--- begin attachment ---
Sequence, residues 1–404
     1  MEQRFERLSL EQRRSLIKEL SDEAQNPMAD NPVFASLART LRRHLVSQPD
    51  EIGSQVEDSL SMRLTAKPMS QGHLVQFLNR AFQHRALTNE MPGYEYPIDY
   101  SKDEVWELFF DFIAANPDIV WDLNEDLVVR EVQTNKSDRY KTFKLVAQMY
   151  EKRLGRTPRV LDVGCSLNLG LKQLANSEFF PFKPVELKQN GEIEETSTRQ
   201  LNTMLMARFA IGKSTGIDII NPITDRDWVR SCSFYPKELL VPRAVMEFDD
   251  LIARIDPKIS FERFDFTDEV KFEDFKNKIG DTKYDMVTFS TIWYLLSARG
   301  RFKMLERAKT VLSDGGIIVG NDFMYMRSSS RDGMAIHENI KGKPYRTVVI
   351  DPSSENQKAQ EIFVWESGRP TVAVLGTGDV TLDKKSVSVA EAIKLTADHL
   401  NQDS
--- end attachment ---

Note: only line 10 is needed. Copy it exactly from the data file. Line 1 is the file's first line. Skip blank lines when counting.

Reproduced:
   401  NQDS